This seminar discusses the political considerations that led to Britain’s declaration of war on Germany in August 1914, and how the Liberal tradition gave way to a politics suited to total war. It will examine the formation of the Asquith and Lloyd George coalitions, the relationship between politicians and generals and conflicts about the conduct of the war. It will also look at the war’s role in breaking down of opposition to women’s suffrage, and of the establishment of a new style of politician largely divorced from the landed interest.
‘The Impact of Labour’, the breaking of the Coalition and the first Baldwin administration.
This seminar will look at the debate about economic and social policy in the decade between Versailles and the Wall Street Crash, highlighting the process that led to Churchill putting Britain back on the Gold Standard and the causes of the General Strike. It will discuss why the Conservative party sabotaged the Lloyd George coalition after its failure to keep its extravagant election promises from 1918. It will discuss the first Labour government and the role of women, newly-enfranchised but many unable to have the lives their mothers took for granted because of the death and maiming of nearly two million men during the war.
‘The Hungry Thirties?’
The slump, National Government and the Politics of Appeasement.
After Ramsay MacDonald’s ‘betrayal’ of his party in 1931 by entering into a coalition government because of the national emergency, society witnessed the growth of fascism in Britain. The country’s split into ‘two nations’, and politicians and opinion-formers supported appeasement of Nazi Germany after 1933 – with resistance, centred upon Churchill, to that policy. It will examine also the contrasting roles of King George V and Edward VIII, and the effect the abdication had on social stability and national unity. The seminar will focus on how well much of Britain fared during the slump thanks to innovation and diversification – and a level of rearmament that is under-appreciated.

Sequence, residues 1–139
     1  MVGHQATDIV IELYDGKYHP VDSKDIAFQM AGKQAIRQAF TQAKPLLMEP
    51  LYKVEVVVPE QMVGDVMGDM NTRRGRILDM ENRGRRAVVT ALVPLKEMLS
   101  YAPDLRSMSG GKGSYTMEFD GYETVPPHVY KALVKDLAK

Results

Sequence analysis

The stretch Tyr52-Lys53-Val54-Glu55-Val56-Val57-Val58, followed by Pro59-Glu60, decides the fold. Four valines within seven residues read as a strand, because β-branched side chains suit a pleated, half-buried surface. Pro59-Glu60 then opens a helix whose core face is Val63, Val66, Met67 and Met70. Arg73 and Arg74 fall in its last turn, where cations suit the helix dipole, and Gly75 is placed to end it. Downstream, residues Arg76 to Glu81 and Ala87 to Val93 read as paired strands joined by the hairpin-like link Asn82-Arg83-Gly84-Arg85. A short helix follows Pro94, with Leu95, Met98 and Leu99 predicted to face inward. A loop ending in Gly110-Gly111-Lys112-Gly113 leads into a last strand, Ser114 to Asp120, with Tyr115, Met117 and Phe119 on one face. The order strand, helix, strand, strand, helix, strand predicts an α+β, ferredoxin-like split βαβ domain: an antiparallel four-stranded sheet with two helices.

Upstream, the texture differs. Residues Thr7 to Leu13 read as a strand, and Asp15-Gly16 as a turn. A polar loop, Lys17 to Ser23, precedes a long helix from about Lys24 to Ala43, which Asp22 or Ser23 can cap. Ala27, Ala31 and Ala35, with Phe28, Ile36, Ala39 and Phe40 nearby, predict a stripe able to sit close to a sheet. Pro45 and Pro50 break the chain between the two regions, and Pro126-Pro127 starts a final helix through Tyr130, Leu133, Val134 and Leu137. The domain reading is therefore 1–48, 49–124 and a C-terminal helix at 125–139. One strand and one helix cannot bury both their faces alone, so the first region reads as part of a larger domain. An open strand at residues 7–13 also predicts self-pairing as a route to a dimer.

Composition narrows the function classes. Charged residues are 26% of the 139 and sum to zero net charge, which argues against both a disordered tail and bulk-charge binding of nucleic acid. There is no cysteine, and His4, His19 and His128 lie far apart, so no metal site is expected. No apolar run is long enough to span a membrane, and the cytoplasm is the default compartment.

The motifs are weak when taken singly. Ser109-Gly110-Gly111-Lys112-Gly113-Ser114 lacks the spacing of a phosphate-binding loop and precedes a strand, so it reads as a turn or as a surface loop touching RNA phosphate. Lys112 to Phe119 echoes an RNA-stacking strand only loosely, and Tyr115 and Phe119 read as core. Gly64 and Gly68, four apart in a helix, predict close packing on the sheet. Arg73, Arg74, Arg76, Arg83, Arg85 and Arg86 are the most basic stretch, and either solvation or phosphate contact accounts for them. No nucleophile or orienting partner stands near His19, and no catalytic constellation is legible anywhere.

How far did Churchill model his style of war leadership on that of Lloyd George, in creating a quasi-dictatorship to mobilise the national war effort? How fit was Britain for war, both in terms of its manpower and industrial base? How effective was propaganda, especially using media that had not existed or been widely exploited in 1914 – the radio and the cinema? How did the war change attitudes to women, who for the first time joined the services in large numbers? How far did the heavy centralisation of the state change the mindset of the public and alter its expectations for peace? And what caused the Labour landslide of 1945?
The Attlee Administration and the Building of the Post-War Consensus.
This seminar will discuss the Attlee government’s social reforms – the creation of the NHS and a wider welfare state, the modernisation of the penal system through the 1948 Criminal Justice Act, reform of the franchise and further reform of the House of Lords. It will discuss the programme of nationalisation, but also why the public turned against Labour. It will examine how, when Churchill returns to power in 1951, the Tories leave the post-war consensus in place. Was that down to the elderly Churchill’s inertia, and reversion to his pre-war persona of misjudgement, or was it because of a shrewd assessment by the Tories that much of what Attlee had done still had public support?
‘Never had it so good’
From Suez to Scandal – the Era of ‘Tory misrule’.